In trying to educate consumers, EPIC published three reports. The first, in June 1997, was entitled “Surfer Beware: Personal Privacy and the Internet”. This report reviewed the Internet privacy policies of 100 of the most frequently visited Web sites. The report found that only 17 of the sites had explicit privacy policies and none of the sites met the basic standards for privacy protection.23

The second report was published in June 1998, entitled “Surfer Beware II: Notice Is Not Enough.” This report conducted the first evaluation of self-regulation to protect online privacy of 76 new members of the Direct Marketing Association (DMA). Forty of the 76 new members had Web sites and only 8 of the 40 had any form of a privacy policy. Of the sites that had privacy policies, only three had privacy policies that satisfied the DMA’s requirements. None of the sites allowed individuals to gain access to their own information.24

The third report was published in December 1999, entitled “Surfer Beware III: Privacy Policies With Out Privacy Protection”. This report reviewed the privacy practices of 100 of the most popular shopping Web sites to see if they complied with the set of principles recommended in the Privacy and the National Information Infrastructure Report on basic privacy protection, whether they used cookies, and if they used profiled-based advertising. The report found that 18 of the sites did not display a privacy policy, 35 of the sites used profile-based advertising and 86 of the sites used cookies. Not one of the sites adequately addressed all of the elements of the Principles and many of the sites’ privacy policies were confusing, incomplete and inconsistent.25

David Sobel, General Counsel for EPIC believes that Internet users should not have to depend on the various privacy policies of every Web site. The government needs to establish basic guidelines and ground rules that apply from one site to another.26

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Teaching Strategies

There are many privacy advocate groups, and I have given you a list of some of them at the end of this unit. I chose to focus on EPIC because of the three reports that they published on privacy policies over a three-year period. To teach this segment, explain the purpose of privacy advocate groups to your students and supply them with a list of these groups. To improve their reading skills, you can have them visit the Web sites of two or more of these groups to get more detailed information about their statement of purpose as well as reading the current news on privacy issues from an advocacy point of view. To improve student writing and critical thinking skills, have them write a short report about their opinions on two of the privacy issues that they read about. You can also have the students visit the Web site periodically and give an updated report on the two privacy issues that they originally chose to report on and/or have them report on new issues.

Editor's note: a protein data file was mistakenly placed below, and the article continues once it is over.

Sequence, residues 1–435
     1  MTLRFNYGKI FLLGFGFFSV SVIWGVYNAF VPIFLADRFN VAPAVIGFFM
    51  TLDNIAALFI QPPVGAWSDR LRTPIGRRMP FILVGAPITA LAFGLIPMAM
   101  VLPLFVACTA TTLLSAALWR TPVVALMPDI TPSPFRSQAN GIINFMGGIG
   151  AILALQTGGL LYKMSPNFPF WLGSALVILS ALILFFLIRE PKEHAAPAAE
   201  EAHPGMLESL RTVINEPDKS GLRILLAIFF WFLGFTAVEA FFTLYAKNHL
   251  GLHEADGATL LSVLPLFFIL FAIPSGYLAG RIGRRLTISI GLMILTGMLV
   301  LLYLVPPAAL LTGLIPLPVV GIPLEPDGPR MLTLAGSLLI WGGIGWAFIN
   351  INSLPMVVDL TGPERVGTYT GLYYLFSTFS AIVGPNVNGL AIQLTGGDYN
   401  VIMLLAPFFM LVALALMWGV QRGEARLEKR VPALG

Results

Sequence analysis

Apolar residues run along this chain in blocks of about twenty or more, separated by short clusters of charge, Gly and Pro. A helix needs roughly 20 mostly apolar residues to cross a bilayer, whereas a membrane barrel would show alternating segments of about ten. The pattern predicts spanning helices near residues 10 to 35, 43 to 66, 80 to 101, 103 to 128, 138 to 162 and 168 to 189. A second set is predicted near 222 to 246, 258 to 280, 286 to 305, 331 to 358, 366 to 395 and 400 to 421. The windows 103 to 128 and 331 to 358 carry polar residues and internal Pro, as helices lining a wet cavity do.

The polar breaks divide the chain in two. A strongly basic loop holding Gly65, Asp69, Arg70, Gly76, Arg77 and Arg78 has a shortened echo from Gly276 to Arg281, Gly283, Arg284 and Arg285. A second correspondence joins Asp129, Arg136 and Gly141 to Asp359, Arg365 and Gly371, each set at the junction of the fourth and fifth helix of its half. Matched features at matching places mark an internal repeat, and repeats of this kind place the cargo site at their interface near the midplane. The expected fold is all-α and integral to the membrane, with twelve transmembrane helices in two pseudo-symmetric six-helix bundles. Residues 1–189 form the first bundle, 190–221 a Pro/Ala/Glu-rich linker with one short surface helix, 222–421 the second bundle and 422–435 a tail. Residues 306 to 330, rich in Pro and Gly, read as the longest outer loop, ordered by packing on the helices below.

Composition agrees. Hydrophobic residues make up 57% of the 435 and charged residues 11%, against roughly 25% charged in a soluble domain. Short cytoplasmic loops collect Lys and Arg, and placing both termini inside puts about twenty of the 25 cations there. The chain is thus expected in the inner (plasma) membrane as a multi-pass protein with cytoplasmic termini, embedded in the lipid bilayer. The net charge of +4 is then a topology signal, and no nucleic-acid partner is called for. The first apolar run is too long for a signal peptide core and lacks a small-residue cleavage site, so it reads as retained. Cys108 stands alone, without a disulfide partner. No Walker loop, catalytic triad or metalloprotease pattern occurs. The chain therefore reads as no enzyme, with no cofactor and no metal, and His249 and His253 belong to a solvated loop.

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Privacy Policies

A privacy policy should describe and give specific details about how a Web site gathers information and how that information is disseminated. The Web site should put a link to their privacy policy on the home page where it is easy to find, and if the Web site shares information with a third party, you should be made aware of that and given the opportunity to restrict such use.27

One of the major problems facing consumers is that many of them do not read the privacy policies of the various web sites and many consumers might not even realize that each Web site has or should have a privacy policy. While researching this topic, I informally asked 45 adults if they read the privacy policies on the various web sites that they visited, and they all said “No.” Fifteen of them said they knew the policies were there, but they just did not read them. The other 25 said they never paid attention to the site for that type of information. I asked my students if they knew about privacy policies on the Internet, and they did not have any idea what I was talking about. Obviously, consumers need to be educated for their own protection.

If you do know about privacy policies, what should you be looking for that will protect your rights? As the EPIC report states, privacy policies can be confusing, incomplete and inconsistent.

In researching this unit, I have read a lot of privacy policiessome good, some not so good. Many of them tell you why personal information is collected, how it is used, what information is shared with their partners or sponsors (although they do not tell you who their partners or sponsors are), and what non-identifying information is shared with online advertisers (third parties). Some will tell you that they track your movements using cookies. Some were cagey enough to say they do not use cookies, but that they do track you (the question is-- How?). As I mentioned in the section called “Cookies,” a site will tell you that they use cookies; but they won’t tell you that they may form an alliance with other sites to read their cookies. Other important information that was explained in some privacy policies and not in others was: the ability to update or correct personal information, the security measures that they have in place to protect your information, that they do make revisions to their privacy policies, how you can receive information about updated services or products, and the opportunity to opt-out or opt-in to supplying certain information about yourself.

. . . many Web sites follow an “opt-out” policy, in which information about a site visitor is automatically collected unless the visitor specifically requests it not be.28